This innovative study looks closely and evocatively at the lives of the Choctaws during a period of revolutionary change, 1750-1830. The story of the Choctaws is told through the lives of two remarkable leaders - Taboca and Franchimastabe. Both began as noted warriors in the eighteenth century but then followed very different paths of leadership. Taboca was a traditional Choctaw leader, a "prophet-chief" whose authority was deeply rooted in the spiritual realm. The foundation of Franchimastabe's power was more externally driven, resting on trade with Europeans and American colonists and the acquisition of manufactured goods. Franchimastabe responded to shifting circumstances outside the Choctaw nation by pushing the source of authority in novel directions, straddling spiritual and economic power in a way unfathomable to Taboca.The parallel careers of these leaders signal a watershed moment in Choctaw history - the receding of a traditional mystical-oriented world and the dawning of a new market-oriented one.
At once engaging and informative, "Choctaws in a Revolutionary Age, 1750-1830" highlights the efforts of a nation to preserve its integrity and reform its strength in an increasingly complicated, multicultural world. Greg O'Brien is an assistant professor of history at the University of Southern Mississippi.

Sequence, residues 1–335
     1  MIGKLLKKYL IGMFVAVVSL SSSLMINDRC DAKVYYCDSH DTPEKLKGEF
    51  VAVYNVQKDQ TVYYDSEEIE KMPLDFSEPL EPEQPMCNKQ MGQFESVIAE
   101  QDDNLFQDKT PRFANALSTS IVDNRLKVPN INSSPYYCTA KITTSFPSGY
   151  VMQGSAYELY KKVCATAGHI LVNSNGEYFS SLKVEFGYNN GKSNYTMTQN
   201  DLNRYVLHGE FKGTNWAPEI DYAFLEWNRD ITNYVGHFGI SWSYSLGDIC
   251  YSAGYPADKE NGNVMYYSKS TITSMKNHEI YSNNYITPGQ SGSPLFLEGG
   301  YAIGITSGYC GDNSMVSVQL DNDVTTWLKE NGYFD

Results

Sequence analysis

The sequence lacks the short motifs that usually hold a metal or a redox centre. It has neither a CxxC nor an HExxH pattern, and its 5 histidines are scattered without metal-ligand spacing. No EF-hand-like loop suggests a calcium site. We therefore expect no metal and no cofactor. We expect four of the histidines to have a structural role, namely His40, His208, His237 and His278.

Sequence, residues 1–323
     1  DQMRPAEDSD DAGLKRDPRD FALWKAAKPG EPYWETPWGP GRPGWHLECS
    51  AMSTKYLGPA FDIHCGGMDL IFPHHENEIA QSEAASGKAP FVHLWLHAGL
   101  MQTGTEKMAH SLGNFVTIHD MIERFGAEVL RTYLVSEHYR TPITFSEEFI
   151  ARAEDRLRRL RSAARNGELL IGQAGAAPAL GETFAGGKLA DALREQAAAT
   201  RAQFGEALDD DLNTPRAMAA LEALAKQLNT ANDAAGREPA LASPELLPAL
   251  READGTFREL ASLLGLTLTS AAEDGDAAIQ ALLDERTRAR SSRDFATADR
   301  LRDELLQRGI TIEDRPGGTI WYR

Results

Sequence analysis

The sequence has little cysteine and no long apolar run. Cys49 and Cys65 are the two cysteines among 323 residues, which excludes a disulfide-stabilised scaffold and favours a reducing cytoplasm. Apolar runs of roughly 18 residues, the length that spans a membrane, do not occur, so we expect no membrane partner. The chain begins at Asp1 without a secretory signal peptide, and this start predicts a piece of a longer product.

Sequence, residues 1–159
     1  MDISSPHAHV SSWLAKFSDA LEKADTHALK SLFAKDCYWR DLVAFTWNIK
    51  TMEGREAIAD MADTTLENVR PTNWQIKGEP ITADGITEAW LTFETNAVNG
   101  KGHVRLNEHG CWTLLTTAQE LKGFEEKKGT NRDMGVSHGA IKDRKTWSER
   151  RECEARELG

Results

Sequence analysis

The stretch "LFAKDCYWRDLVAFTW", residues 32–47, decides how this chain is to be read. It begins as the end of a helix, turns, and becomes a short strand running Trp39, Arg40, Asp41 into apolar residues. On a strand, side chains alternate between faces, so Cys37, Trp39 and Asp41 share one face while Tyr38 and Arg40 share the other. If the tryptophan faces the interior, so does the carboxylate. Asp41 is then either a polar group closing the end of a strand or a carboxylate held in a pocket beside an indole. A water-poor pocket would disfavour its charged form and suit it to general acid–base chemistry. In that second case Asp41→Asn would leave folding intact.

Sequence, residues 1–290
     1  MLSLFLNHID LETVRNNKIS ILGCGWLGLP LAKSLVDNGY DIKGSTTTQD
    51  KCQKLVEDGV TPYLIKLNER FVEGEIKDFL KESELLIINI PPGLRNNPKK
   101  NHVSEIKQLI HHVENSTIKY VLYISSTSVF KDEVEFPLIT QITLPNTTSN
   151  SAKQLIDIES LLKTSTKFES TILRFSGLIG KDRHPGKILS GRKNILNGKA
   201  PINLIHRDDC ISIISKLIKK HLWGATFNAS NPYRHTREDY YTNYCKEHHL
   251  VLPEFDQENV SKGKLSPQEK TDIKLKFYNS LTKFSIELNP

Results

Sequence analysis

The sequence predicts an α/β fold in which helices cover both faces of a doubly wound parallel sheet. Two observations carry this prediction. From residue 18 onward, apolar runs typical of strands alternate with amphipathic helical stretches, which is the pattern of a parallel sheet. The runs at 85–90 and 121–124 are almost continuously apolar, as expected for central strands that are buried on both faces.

Publisher: University of Nebraska Press
Number of pages: 166
Weight: 431 g
Dimensions: 5817 x 3887 x 21 mm
"Greg O'Brian carefully contextualizes the internal dynamics of kinship and spiritual authority with the external forces of European settler encroachment and trade to analyze how the Choctaw accommodated, yet maintained, their traditional culture in an era of revolutionary change. . . . This book is an important starting point for reassessing the evolution of the Choctaw and their neighbors in the second half of the eighteenth century."--Allan Gallay, The American Historical Review--Allan Gallay "The American Historical Review "
"A significant step forward, one of a small number of recent southeastern Indian histories that begin by taking native cultures seriously and viewing Choctaw beliefs and understandings of the world as crucial to the ways in which native people acted and reacted as historical actors. . . . O'Brien is to be commended for attempting this difficult and necessary work."--Jason Baird Jackson, The Alabama Review--Jason Baird Jackson "The Alabama Review "
"O'Brien's work is solid and the research impeccable."--The Chronicles of Oklahoma--The Chronicles of Oklahoma